Methodological Issues in AIDS Behavioral Researchby David G. Ostrow
We are pleased to introduce a new series, Aids Prevention and Mental Health, with the publication of this volume on methodology issues in AIDS mental health research. The objective of the series is to publish high-quality and up-to-date volumes that HIV prevention and mental health researchers, clinicians, policymakers, and educators will find useful and that will thus contribute significantly to their work in these important areas.
Description: This book, by leading survey research methodologists and HIV/AIDS researchers, seeks to present classic issues in survey research methods as they apply to the study of HIV/AIDS.
Purpose: The authors' goal is to provide timely guidance on research tools and issues in their application to beginning and advanced researchers and interventionists working in behavioral and psychosocial approaches to HIV/AIDS.
Audience: The stated target audience includes practitioners (interventionists) and beginning researchers, but individual chapters, especially by the survey research experts (e.g., Kalton on sampling, Kessler on designs), are dense with detail that will likely be only dimly perceived by neophyte researchers. Presented by an experienced researcher in a classroom context, however, the book would be excellent for graduate students in epidemiology (methods and/or HIV/AIDS), sociology, etc., and forexperienced researcher s new to applications in HIV/AIDS. It is not as useful as it might be for the much larger audience of consumers (not producers) of HIV/AIDS behavioral research, who must judge that vast majority of studies that do not meet the standards for research described here. It would have been helpful if the authors had described the particular considerations and caveats for specific violations of ideal research approaches.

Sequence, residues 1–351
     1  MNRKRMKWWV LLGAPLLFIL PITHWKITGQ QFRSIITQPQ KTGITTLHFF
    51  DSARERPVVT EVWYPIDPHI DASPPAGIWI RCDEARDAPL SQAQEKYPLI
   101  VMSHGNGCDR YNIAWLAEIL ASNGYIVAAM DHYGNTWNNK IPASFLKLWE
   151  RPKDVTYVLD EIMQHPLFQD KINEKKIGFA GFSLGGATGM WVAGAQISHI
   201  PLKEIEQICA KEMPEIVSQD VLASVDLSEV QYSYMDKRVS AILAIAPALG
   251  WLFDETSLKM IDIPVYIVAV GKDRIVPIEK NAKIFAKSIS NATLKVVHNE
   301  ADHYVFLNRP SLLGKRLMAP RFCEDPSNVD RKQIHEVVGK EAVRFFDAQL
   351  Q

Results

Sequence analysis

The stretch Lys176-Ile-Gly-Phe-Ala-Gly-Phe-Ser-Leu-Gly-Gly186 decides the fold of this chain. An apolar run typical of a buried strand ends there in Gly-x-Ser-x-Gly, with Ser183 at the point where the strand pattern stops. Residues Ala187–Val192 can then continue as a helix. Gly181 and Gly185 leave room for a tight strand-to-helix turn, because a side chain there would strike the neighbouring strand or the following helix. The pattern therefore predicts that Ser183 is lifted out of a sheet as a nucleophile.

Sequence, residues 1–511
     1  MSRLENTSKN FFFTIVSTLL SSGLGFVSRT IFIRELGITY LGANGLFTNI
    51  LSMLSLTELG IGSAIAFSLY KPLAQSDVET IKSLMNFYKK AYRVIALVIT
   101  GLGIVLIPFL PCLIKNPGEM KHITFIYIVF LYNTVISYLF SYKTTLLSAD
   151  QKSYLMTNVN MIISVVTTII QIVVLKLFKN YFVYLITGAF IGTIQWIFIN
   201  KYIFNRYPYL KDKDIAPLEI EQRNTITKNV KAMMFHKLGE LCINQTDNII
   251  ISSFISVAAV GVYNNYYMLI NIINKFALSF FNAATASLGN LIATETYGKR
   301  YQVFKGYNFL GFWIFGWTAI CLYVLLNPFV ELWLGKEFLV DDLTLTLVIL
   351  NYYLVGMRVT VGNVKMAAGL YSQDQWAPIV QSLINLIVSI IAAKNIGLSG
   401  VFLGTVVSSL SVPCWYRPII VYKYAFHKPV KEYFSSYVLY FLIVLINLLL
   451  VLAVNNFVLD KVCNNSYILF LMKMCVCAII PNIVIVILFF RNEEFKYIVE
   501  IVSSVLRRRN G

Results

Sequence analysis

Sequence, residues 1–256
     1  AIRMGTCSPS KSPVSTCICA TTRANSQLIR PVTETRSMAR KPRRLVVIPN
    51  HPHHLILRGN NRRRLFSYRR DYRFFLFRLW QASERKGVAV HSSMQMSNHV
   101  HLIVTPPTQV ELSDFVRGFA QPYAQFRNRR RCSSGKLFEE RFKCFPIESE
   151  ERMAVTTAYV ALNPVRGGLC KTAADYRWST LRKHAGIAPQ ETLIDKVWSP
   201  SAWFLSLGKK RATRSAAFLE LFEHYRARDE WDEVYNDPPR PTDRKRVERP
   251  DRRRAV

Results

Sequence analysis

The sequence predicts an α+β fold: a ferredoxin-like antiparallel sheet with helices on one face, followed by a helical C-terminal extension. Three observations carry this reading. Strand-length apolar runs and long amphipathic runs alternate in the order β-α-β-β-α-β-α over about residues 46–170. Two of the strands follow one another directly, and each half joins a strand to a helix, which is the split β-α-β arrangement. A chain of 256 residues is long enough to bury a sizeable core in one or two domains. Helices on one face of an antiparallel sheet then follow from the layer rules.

Features: The contributors include the leading survey researchers and applied methodologists of the day, including Kalton on sampling, Kessler on design, and Loftus on memory. The chapter by Zeller on combining qualitative and quantitative methods is a model of methodological sophistication, good sense, and grounded examples, showing great knowledge of the HIV/AIDS research arena. Almost across-the-board, references are timely and on-target.
Assessment: This book's issues and their treatment are first-rate and important. The table of contents and index allow easy perusal and access to topics. It is visually appealing and written at a very high and clear level.
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